It is amazing how many people have thyroid disease in the United States. The World Population Clock estimates the United States Population at more than 310 million as of October 2010, and approximately 27 million people suffer from thyroid disease. If you do the math, with these figures approximately one out of 11 people have thyroid disease. Thyroid disease is common in well-known people: Did you know that former President George Bush as well as his wife Barbara Bush have thyroid disease? Tipper Gore and Oprah Winfrey have it as well.
Thyroid disease in history is extremely interesting. Back in the mid-17th-century, enlarged thyroids (goiters) were thought to be beautiful and a fashionable thing to have. In historical literature, surgery was done on them only when a patient had trouble breathing. Many people died from surgery at this time to remove the thyroid, and those that lived had problems with severe hypothyroidism. It was only 300 to 400 years ago that the thyroid was named by Thomas Wharton, and society today is fortunate indeed to have a better understanding of the thyroid and its functions.
A brilliant surgeon by the name of Theodor Kocher won the Nobel Prize in 1909 for his work in thyroid surgery. He developed a new technique for its removal and was strict with sterile technique. Later in his career, he lost fewer than 1 percent of his patients when he performed the operations. Hallmarks of his career also included gaining a better understanding of thyroid function.
In 1891, George R. Murray noted success treating a patient with severe hypothyroidism with sheep thyroid extract. In a little over 100 years, injections have been replaced by daily synthetic tablets for thyroid replacement. There is so much more to learn about how the thyroid functions and perhaps better ways to replace what is missing. According to diabetes literature, we are close to developing the artificial pancreas. In what year do you think we will be able to say the same thing about an artificial thyroid?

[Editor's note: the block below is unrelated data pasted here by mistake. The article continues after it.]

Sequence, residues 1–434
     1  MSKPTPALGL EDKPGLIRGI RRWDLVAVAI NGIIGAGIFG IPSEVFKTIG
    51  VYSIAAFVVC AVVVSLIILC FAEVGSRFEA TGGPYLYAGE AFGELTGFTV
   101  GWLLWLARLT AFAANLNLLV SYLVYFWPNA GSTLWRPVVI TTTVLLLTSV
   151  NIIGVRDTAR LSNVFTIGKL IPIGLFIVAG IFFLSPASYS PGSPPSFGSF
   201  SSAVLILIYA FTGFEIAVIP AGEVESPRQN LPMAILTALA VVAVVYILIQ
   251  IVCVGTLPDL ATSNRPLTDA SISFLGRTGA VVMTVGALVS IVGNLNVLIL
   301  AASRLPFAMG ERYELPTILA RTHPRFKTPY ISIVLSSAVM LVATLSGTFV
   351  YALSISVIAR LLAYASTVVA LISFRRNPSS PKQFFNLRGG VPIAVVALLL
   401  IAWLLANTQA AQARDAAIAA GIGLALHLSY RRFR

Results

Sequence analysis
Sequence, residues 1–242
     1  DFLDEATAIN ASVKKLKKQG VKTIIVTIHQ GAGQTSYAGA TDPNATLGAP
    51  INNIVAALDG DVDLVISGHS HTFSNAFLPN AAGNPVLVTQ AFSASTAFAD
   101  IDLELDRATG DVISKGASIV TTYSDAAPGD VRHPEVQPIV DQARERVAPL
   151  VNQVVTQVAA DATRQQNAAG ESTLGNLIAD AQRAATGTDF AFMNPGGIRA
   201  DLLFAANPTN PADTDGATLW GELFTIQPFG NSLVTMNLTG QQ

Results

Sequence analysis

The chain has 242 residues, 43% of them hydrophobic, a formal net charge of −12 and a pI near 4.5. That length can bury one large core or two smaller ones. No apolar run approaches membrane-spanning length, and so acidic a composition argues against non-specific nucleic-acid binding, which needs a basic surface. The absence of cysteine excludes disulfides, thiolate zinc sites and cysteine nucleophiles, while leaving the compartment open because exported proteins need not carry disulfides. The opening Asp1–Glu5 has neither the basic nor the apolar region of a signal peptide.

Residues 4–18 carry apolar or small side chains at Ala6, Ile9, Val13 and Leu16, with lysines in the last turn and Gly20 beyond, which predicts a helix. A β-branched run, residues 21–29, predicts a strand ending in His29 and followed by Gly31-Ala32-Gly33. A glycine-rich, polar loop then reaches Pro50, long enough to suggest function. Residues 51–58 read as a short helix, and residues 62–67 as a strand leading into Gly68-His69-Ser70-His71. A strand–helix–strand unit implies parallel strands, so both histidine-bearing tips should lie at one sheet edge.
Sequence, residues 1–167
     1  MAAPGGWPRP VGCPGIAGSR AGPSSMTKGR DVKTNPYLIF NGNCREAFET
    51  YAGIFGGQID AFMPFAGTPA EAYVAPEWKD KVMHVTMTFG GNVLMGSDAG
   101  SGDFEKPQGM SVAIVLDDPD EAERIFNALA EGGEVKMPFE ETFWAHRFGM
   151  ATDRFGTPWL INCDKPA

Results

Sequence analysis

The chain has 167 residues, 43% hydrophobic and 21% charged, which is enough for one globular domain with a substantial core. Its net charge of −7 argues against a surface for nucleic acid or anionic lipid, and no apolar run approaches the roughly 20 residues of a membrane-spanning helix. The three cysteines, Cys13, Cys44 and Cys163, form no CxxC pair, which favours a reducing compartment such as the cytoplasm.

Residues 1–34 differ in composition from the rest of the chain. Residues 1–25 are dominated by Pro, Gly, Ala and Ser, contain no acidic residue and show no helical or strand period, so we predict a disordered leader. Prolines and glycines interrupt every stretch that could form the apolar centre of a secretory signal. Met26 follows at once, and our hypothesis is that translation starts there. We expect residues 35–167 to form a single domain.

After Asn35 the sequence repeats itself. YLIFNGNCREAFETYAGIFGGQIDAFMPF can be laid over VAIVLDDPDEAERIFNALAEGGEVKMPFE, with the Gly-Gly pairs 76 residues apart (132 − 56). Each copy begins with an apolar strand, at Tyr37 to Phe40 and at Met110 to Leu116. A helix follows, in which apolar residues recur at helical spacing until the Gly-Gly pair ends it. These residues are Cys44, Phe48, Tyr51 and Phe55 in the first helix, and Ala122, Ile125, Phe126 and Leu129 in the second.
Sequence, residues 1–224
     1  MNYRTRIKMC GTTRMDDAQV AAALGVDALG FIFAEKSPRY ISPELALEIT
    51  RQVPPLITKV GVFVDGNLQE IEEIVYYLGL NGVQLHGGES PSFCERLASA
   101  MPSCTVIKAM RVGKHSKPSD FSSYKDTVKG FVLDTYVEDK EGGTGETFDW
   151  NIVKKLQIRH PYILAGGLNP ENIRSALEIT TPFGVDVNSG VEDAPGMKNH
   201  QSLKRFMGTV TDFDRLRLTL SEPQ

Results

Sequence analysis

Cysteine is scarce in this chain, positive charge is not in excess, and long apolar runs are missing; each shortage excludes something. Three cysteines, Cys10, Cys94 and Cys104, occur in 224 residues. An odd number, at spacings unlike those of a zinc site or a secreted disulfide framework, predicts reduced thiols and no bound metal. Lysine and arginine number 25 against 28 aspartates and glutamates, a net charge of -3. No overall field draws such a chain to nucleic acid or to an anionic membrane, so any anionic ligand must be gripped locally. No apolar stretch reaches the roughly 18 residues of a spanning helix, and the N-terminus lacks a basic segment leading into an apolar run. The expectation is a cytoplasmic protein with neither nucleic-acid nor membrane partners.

This book will help you understand your thyroid condition, whether it be hypothyroidism or hyperthyroidism. Options available for treatment in the year 2010 will also be discussed. If you have a chronic disease, proper nutrition will always help you stay healthy. Understanding a meal plan that stabilizes weight and offers healthy foods may be confusing. This is true especially if you have more than one medical condition that affects what you can eat. The recipes in this book have been analyzed for many different nutrients. You may not be interested in all of them. If you have a co-existing medical condition where this information is needed, then you'll be able to decide if the recipe can possibly be used. It should also be noted that the analysis of the recipes includes only the basic ingredients. If there are optional ingredients, you should account for them separately.
Reading The Everything® Thyroid Diet Book will answer many of your questions. Make sure all meal plans and medical therapies used are approved by your physician and medical team, including your dietitian, nurse, and pharmacist. Sometimes people have other members of their teams, such as a physical therapist to help with exercise. To locate a dietitian in your area, call the American Dietetic Association at 800-877-1600.
The meal plans in this book are just examples. The information provided is for you to get started improving your health and asking the right questions with your medical team. This book is not a replacement for medical advice. Ask your medical team what is correct for you, and don't be afraid to use the many resources at the end of the book. They should help you gain further understanding of the mighty thyroid!